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State of the office-seekers: So far, so good

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Carrying out a presidential campaign in the shadow of 9/11, the war in Iraq and a troubled economy can't help but ratchet up the candidates' stress to levels that would test even the fittest among us. Yet so far, none has visibly wilted under the pressure.

Most notably, Vice President Cheney, who had a heart attack during the Florida vote recount four years ago, appeared energetic during Tuesday night's debate. Despite his 26-year history of heart disease, he has weathered the storms of his office seemingly without additional health crises, and doctors say Cheney is most likely physically fit to serve four more years -- but they can't say for certain because the vice president and his doctors haven't revealed key details of his case.

Cheney, 63, had the first of his four heart attacks at age 37. Since then, he has had a quadruple bypass; angioplasty to clear a clogged artery and prop it open with a stent; and an operation to implant a state-of-the-art pacemaker-defibrillator to regulate his heartbeat and jump-start it if necessary.

''I predicted he could do two terms because heart disease is so eminently treatable,'' says Cleveland Clinic cardiologist Eric Topol, who has served as an informal medical adviser to doctors treating both the president and vice president. ''He'll probably do well for several years, despite the emotional stress and heavy workload.''

Cheney has denied that stress played a role in his most recent heart attack four years ago, noting his heart fared well during the Persian Gulf War when he was secretary of defense.

But Cheney hasn't spoken in detail about the state of his heart before or after those crises. His doctors have repeatedly denied requests for interviews. They now say federal regulations on patient privacy prevent them from speaking publicly about the man who's a heartbeat away from the presidency without written permission from him. Cheney aides did not respond to two written requests from USA TODAY for permission to interview his physicians.

Topol, who advised Cheney's cardiologist, Jonathan Reiner at George Washington University, at Reiner's request the morning after the vice president's fourth heart attack, says, ''It's legitimate to ask a man who's had four heart attacks and a bypass operation about his fitness to serve four more years.''

Just a week ago, Sen. John Kerry and his physicians offered a candid account in The New York Times of surgery to remove the candidate's cancerous prostate in February 2003. The surgery was successful and the cancer is unlikely to recur, Kerry's doctors said.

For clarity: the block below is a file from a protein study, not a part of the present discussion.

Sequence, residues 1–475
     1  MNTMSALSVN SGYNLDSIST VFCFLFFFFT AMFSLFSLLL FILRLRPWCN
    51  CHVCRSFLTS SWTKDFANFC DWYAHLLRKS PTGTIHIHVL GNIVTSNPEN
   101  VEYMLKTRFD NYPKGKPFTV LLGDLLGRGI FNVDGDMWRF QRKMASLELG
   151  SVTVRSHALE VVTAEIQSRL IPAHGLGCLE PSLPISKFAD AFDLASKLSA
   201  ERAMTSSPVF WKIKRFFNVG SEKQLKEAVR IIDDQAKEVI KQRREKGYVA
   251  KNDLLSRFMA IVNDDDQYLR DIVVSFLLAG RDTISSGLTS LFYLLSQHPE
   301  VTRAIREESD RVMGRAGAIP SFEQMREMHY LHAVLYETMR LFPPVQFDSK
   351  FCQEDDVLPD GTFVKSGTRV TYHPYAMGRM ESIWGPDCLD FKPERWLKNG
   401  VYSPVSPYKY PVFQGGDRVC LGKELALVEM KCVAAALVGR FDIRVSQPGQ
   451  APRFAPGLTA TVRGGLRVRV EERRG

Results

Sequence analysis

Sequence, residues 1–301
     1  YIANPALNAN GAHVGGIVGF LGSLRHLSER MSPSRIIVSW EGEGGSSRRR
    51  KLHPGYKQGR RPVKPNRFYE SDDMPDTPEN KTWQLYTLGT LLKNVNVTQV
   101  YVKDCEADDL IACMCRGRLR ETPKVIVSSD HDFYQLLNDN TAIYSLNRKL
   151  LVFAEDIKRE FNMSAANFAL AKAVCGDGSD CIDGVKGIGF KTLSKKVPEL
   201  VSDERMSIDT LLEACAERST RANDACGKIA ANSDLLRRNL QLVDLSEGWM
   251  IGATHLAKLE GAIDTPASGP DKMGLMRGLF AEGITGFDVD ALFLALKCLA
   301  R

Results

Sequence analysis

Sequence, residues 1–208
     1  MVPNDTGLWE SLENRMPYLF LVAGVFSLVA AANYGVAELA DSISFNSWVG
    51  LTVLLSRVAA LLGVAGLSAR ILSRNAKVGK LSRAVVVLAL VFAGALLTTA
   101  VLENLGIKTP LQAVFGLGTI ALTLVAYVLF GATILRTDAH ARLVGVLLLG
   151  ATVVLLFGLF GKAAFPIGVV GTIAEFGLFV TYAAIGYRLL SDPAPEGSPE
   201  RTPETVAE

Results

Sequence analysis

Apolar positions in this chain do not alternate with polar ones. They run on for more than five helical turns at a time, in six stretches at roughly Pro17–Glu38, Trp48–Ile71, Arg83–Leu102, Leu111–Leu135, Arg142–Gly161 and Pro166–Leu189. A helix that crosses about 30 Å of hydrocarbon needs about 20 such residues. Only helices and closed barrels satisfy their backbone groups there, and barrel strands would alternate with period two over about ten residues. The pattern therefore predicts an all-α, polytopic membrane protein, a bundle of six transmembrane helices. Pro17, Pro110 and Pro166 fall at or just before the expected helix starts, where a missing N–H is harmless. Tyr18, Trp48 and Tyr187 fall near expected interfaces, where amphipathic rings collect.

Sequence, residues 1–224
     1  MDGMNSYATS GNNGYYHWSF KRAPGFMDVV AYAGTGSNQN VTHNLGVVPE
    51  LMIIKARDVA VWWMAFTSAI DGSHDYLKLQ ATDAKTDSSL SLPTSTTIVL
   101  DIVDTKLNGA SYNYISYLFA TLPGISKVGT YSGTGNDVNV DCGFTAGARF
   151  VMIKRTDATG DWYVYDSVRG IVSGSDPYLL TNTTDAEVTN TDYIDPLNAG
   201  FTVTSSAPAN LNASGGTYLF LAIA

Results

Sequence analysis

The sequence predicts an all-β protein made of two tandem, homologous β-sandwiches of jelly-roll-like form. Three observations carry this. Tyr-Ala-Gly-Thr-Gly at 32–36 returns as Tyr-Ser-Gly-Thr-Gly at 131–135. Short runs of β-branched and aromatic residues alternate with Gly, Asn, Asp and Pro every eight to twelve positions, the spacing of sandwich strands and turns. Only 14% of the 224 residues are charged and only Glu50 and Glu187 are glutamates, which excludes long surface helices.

William Catalona, director of Northwestern University's prostate program, concurs, though he notes that he can never offer patients a ''100% guarantee that there will never be a recurrence.'' But doctors classified the tumor as grade 6, he says, which is ''not one of the scary, high-grade tumors. . . . The great majority of patients who had this finding would not have a recurrence of prostate cancer.''

Even if they did, he said, ''there would still be other curative options, including salvage radiation therapy.''

Apart from the cancer, Vietnam-era shrapnel in one leg and surgery in March to fix an injured shoulder, Kerry is physically active and in excellent health, his doctors say.

An avid jogger, President Bush is in excellent health, marred only by minor injuries from jogging and a famous fainting spell. The president, 58, a football fan, had been watching a Ravens-Dolphins playoff game in January 2002 and fainted briefly after choking on a pretzel.

Kerry's running mate, John Edwards, 51, hasn't had any reported health problems.

John Bumgarner, a retired Greensboro, N.C., cardiologist and author of The Health of the Presidents, says politicians now are more open about their health than in the past. He notes that President Franklin Roosevelt did his best to hide his near paralysis and the fact that he was ''very, very sick'' during his last year in office, and President Kennedy hid the fact that he was taking painkillers and stimulants for several chronic health problems.

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© Copyright 2004 USA TODAY, a division of Gannett Co. Inc.

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